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It’s time for episode 30 of See Hear Podcast.

This month it was Tim’s pick, and he brought to the table a late night cult classic in Perry Henzel’s 1972 film, “The Harder They Come” starring reggae superstar, Jimmy Cliff.

This film is important in so many respects – it brought Jimmy Cliff to a worldwide audience, it had a brilliant soundtrack, and it was the first Jamaican feature film. Henzel declared he made it for Jamaica, but many people outside Jamaica have embraced it as it encompasses the well used movie theme of fighting back against a corrupt society in all its facets – employers, the recording industry, religion, and the law.

Jimmy Cliff plays Ivan, a young naïve country man coming to Kingston hoping to make it in the music industry, but has his dreams crushed at every turn – until he decides to take matters into his own hands, for better or worse. Make no mistake - he is an anti-hero with many failings of his own.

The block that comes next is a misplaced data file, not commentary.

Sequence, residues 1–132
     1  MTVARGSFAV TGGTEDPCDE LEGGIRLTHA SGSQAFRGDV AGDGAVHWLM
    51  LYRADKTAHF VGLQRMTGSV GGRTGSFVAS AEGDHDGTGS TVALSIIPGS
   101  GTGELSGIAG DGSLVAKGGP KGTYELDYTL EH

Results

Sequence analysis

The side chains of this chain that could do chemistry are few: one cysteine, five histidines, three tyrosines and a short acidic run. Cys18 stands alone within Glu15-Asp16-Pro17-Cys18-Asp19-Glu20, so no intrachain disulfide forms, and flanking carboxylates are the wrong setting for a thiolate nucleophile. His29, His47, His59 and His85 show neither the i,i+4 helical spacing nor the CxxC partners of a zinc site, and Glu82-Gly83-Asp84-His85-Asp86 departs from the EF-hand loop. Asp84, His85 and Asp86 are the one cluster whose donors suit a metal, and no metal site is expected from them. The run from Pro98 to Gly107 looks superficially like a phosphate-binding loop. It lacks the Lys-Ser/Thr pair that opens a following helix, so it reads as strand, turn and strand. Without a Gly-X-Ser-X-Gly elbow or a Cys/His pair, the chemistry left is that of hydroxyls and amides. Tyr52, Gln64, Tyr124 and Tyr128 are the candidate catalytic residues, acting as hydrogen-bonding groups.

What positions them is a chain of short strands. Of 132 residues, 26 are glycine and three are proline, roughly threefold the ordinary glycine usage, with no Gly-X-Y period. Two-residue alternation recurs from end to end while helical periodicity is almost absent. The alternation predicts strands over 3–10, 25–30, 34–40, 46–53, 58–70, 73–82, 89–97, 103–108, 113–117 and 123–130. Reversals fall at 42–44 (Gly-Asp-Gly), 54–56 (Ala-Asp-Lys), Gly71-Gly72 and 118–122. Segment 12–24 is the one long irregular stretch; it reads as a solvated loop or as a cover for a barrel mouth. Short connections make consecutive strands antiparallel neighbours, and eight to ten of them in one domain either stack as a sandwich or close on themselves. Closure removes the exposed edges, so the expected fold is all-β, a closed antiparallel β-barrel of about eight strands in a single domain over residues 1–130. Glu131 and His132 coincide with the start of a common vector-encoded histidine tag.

Tim, Bernie and Maurice discuss these themes as well the influence it has left on so many other films, music as politics, where the movie fits into the mood of film movement of the day, and whether you can really hold off an entire army with one six-shooter. Tim even suggests a unique ratings system for this movie.

Please join us for what was a really fun show to record. Shame I couldn’t get the guys to join me singing a verse acapella of The Harder They Come.

If you dig what we do, could you please rate us at iTunes or even better, spread the word that the show exists so more folks can tune in.

You can download the show by searching for See Hear podcast on iTunes or download from http://seehear.podbean.com/

Please join our friendly Facebook discussion group at https://www.facebook.com/groups/seehearpodcast/ 

You can send us emails at seehearpodcast@gmail.com to make suggestions of films you’d like us to discuss, give us your thoughts on what we do, or anything music film related. 

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Welcome to episode 29 of See Hear Podcast.

Our beloved Bernard was suffering the effects of the summer flu and was too croaky and sneezy to partake, but Tim and Maurice soldiered on joined by Robert Hubbard to discuss a rock opera from 1974 called Catch My Soul.